A feature documentary receiving 2021 Oscar buzz is "Crip Camp: A Disability Revolution" from James LeBrecht and Nicole Newnham.
An Audience Award winner at Sundance 2020 the documentary follows young campers at a summer camp for teens with disabilities in New York.
The documentary follows several campers who grow up to become leaders in the disability rights movement.
Executive Producers include Barack and Michelle Obama.
December 15, 2020
Its a spin-off of the G.I. Joe series, with the central character of the masked character Snake Eyes. Henry Golding is playing the leading role of Snake Eyes!
From his breakout role as a romantic lead in "Crazy, Rich Asians" Golding is now starring as an action star in "Snake Eyes."
Originally scheduled for release on March 27, 2020, the release date has been pushed a few times and is now scheduled for October 22, 2021 due to Covid-19. Fans may have a double treat. It has been reported that there may be a follow on movie in the works, with Henry Golding reprising his lead role as Snake Eyes. Hoping that movie theaters will be open by then, the film is reportedly made for theaters with IMAX, RealD 3D, and Dolby Cinema.
September 8, 2020
Last year we reported the Academy of Motion Pictures Arts and Sciences push for a more diverse, inclusive and global membership.
This year this push includes films which qualify to be considered for Best Picture.
Its now official - and in writing. New representation and inclusion standards for Oscars® eligibility in the Best Picture category, were announced today by the Academy of Motion Picture Arts and Sciences.
As part of the Academy Aperture 2025 initiative, a task force led by Academy governors DeVon Franklin and Jim Gianopulos have developed new standards to "encourage equitable representation on and off screen in order to better reflect the diversity of the movie-going audience."
The standards were created from a template inspired by the British Film Institute (BFI) Diversity Standards used for certain funding eligibility in the UK and eligibility in some categories of the British Academy of Film and Television (BAFTA) Awards, but were adapted to serve the specific needs of the Academy.
The Academy also consulted with the Producers Guild of America (PGA), as it presently does for Oscars eligibility.
Details from Oscars.org:
July 1, 2019
The Academy of Motion Picture Arts and Sciences, best known as the organization behind the Oscars is continuing its push during the past few years toward a more diverse, inclusive and global membership.
This is a promising trend toward a more inclusive membership, ever since the 2016 Oscars presentation which sparked outrage, when young Asian American children were brought onto the world stage during its awards program to use as part of a stereotypical racial joke.
AMPAS' 2019 invitations are going out to 842 new members from 59 countries, 50% are female, and 20%...
Ben Fong Torres
February 22, 2020
Last year, just about this time, I lost my Radio Waves column, soon after the San Francisco Chronicle brought in a new arts and entertainment editor. I’d been writing it every other Sunday for 15 years (plus another three-year stretch earlier on, before I took a break to publish a couple of books).
He gave me a reason that made no sense. Radio Waves wasn’t getting enough clicks on the digital side. But the Chronicle never featured the column on its sites. Readers had to search my name, or drill through the TV and movies windows to, with luck, find Radio Waves.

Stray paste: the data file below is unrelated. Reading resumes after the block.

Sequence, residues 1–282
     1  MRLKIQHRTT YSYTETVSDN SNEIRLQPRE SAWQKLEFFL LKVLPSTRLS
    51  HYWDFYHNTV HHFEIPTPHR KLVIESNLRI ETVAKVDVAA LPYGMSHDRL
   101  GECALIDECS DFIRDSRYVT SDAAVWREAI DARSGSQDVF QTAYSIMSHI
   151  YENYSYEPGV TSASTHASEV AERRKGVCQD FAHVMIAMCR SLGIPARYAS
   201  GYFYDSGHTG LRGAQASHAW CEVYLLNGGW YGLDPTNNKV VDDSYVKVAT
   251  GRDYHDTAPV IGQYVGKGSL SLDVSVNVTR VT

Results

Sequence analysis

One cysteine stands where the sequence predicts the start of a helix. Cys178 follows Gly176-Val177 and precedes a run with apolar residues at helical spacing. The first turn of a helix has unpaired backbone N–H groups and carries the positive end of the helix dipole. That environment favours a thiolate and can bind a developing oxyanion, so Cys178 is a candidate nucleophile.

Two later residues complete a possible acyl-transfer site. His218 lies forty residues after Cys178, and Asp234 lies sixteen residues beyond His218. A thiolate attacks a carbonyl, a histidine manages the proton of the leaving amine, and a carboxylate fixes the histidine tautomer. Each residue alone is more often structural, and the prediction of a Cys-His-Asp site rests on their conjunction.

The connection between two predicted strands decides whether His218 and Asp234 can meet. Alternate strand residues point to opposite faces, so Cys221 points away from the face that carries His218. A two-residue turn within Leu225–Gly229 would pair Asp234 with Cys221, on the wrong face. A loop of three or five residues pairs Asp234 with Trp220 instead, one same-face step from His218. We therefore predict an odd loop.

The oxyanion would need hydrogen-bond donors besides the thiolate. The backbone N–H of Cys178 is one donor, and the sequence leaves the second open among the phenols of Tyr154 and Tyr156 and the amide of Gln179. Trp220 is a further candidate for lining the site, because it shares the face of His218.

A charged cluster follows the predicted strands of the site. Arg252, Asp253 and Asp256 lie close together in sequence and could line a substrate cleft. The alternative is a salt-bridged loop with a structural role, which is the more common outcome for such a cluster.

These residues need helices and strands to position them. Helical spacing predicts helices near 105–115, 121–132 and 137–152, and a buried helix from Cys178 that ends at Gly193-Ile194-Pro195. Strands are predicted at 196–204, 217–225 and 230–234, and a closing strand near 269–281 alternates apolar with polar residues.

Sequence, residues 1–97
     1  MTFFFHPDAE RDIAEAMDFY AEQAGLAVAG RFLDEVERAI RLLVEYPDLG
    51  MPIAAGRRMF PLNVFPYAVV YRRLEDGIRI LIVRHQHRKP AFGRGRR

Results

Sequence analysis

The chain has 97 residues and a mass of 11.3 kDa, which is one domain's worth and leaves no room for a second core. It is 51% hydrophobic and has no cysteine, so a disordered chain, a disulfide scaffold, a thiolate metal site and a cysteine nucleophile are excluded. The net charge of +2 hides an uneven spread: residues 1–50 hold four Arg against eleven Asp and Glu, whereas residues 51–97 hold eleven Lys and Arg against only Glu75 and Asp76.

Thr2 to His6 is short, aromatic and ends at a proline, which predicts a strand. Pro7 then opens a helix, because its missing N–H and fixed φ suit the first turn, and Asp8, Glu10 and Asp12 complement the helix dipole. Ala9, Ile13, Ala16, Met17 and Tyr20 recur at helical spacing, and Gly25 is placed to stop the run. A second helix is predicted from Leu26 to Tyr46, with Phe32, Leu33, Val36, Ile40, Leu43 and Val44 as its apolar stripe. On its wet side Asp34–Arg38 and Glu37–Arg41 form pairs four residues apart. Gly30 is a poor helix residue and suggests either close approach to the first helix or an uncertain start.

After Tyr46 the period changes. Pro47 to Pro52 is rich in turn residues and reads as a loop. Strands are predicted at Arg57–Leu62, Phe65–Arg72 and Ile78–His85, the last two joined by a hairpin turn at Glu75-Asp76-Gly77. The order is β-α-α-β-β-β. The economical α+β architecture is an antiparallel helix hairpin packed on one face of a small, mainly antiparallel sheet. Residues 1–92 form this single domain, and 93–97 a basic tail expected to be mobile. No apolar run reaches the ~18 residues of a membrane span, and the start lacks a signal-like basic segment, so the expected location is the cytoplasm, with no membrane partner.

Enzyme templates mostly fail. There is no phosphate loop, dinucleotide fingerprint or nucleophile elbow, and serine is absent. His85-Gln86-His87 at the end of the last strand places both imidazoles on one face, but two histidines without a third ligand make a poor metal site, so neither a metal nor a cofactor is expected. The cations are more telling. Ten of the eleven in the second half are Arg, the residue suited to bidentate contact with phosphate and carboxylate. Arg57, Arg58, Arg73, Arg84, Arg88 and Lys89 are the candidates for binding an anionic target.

My readers found me the old-fashioned way, but like so many major papers, the Chronicle is going new-fashioned, trying to drive readers online, where the advertisers are.
The new editor was open to my doing pieces on media in general; on music; on my life and times in music and broadcasting. I thought that would make for a decent column. But he asked me to pitch him for every article.
I had no interest in becoming a freelancer, especially given the paltry fees doled out to non-staffers. Fifteen years of being underpaid was quite enough.
I moved on, accepting a consulting gig with the Music City Hit Factory, a hub for musicians and fans, encompassing, in one building, a hostel, a music school, a suite of rehearsal spaces and recording studios, performance spaces and cafes, and, throughout, exhibits celebrating the history of San Francisco Bay Area artists and events. I’m director of content. And it’s paying me twice as much as the Chronicle, without the unending deadlines.
Music City is a perfect partner with my other part-time gig, programming and DJing for Moonalice Radio, an online station with crazily eclectic music hosted by members of that jam band, led by Roger McNamee, who many people now know as the prescient and persistent critic of...
January 5, 2020
Congratulations to Nora Lum, known professionally as Awkwafina. She is the first Asian American to win a Golden Globe for Best Actress!
Awkwafina won for her role in "The Farewell" in the category of Best Performance in a Motion Picture - Musical or Comedy at the 77th Annual Golden Globe Awards.
Here is a Youtube.com link to her acceptance speech.
(Photo credit: The Farewell / A24)
Her role in 2019's "The Farewell" follows her breakout role as Peik Lin in 2018's 'Crazy Rich Asians' which made her a globally known actress to watch. 'Crazy, Rich Asians' also catapulted her into another Hollywood movie, "Ocean's Eight' with cast mates Cate Blanchette, Anne Hathaway and Rihanna.
(Photo credit: Sanja Bucko/Warner Bros. Pictures)
After her 2018 breakout role in Warner Bros feature film "Crazy, Rich Asians," the first Hollywood movie with an all Asian cast in 26 years since "Joy Luck Club" Awkwafina played a pick pocket in Ocean's 8 with cast mates
(Photo credit: Warner Bros/Barry Wetcher)
Prior to her breakout role in "Crazy, Rich Asians" she was best known as a popular Youtube star where she posted her rap videos and comedic routines.